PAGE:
My initial thought would be a mistake when doing the test, but I don't know what effect Prime has on nitrite tests.
      Here's a chart of a "typical" nitrification cycle and anticipated time frames:

      Name:  nitrification cycle.jpg
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      --Steve

    4. #24
      RichToyBox's Avatar
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      Quote Originally Posted by ChagoiLover View Post
      Just to give an update. I just checked my pond parameters.
      Ammonia: 0 ppm
      Nitrite: .50 ppm
      Nitrate: 10 ppm

      pH: 8

      The pond looks like it is clearing up a little bit from its brown water, but I did have the UV on for about two days. I did turn it off to see the difference. As for the nitrite levels, is it weird that the nitrite is going down that rapidly? I may have the done the testing wrong yesterday that's why it resulted in higher nitrite readings. But today I tested two parts of my pond and got the same reading of .50 ppm. I guess what I am asking is, does the nitrite levels decrease that rapidly? Thank you
      The fact that the nitrite is going down and there is nitrate, you may be getting close to the end of the cycle. Your salt level is more than plenty to protect the fish from the nitrites. Continue to test and see if the nitrite continues to fall, showing near completion of the cycle.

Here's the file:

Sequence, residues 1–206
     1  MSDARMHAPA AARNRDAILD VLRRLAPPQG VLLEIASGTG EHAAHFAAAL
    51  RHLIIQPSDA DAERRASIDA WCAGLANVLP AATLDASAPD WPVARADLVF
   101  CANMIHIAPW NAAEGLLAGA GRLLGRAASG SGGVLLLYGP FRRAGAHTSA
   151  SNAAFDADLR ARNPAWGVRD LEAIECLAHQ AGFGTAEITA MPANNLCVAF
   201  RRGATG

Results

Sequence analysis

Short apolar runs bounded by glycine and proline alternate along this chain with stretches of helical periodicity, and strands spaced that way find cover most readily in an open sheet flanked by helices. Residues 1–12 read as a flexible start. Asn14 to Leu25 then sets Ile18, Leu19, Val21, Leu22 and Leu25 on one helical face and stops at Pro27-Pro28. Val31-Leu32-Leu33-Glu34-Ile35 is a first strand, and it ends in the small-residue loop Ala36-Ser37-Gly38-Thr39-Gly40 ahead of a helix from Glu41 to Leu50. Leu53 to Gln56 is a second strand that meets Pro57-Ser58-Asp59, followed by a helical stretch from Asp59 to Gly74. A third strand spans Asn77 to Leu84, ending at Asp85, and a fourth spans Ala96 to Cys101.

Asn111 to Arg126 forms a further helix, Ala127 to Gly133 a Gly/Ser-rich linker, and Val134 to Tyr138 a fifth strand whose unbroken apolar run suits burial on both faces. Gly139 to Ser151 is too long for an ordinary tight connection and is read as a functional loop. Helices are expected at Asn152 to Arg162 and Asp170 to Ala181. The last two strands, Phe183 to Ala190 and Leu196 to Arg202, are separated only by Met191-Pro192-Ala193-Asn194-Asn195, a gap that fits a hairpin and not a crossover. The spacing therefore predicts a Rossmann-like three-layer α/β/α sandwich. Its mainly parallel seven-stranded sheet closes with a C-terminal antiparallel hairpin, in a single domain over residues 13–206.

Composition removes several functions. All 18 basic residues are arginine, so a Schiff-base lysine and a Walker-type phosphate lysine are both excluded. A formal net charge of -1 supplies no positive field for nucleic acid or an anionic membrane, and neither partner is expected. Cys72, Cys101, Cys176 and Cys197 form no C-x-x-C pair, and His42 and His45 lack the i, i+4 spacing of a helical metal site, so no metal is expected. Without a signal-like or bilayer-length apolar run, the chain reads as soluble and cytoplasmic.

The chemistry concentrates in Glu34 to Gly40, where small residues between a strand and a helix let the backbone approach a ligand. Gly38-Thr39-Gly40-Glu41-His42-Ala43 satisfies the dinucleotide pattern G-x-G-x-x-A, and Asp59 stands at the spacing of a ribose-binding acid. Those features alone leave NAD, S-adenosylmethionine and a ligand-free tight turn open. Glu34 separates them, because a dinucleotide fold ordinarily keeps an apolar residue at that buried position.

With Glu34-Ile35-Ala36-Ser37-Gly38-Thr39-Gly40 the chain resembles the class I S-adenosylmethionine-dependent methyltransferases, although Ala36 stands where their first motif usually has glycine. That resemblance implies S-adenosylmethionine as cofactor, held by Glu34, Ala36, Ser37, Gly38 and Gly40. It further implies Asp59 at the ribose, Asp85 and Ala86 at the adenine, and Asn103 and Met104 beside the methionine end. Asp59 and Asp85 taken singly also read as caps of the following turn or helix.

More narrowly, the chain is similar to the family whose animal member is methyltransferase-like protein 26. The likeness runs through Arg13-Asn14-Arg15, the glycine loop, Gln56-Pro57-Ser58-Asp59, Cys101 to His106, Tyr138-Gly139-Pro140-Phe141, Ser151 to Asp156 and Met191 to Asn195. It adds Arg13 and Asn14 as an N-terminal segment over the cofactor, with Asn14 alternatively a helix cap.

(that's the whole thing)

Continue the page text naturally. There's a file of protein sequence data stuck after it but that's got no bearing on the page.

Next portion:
"Our goal is to assist with emergency and Koi health issues, as well as educate on best practices. Please help us gain a clear picture by giving the original poster time to answer our questions before offering opinions and suggested treatments."

      Zone 7 A/B
      Keep your words sweet. You never know when you may have to eat them.
      Richard

    5. #25
      ChagoiLover is offline Junior Member
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      Thank you so much to everyone that has helped me with this problem! I am going to continue what I am doing as it seems correct. I will keep you guys posted!

    6. #26
      ChagoiLover is offline Junior Member
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      Hello Koiphen!
      I bring to you an update of my pond. So a couple days ago the nitrite reading was finally 0 ppm! However, a new problem has occurred. My water temperature currently is sitting at around 58 degrees for most of the day and I am currently feeding one time a day right now. I tested my water not more than 10 minutes ago and I had an ammonia reading .
      This is my current water parameter:
      Ammonia: 0.25 ppm
      Nitrite: 0 ppm
      KH: 190
      Nitrate: 40-80 (I can't really tell)
      Water Temp: 58 F
      I was hoping someone can give me some insight on why my pond is starting to have an ammonia reading once again even after my pond is fully cycled. Any information or thoughts will be greatly appreciated!! Thank you

    7. #27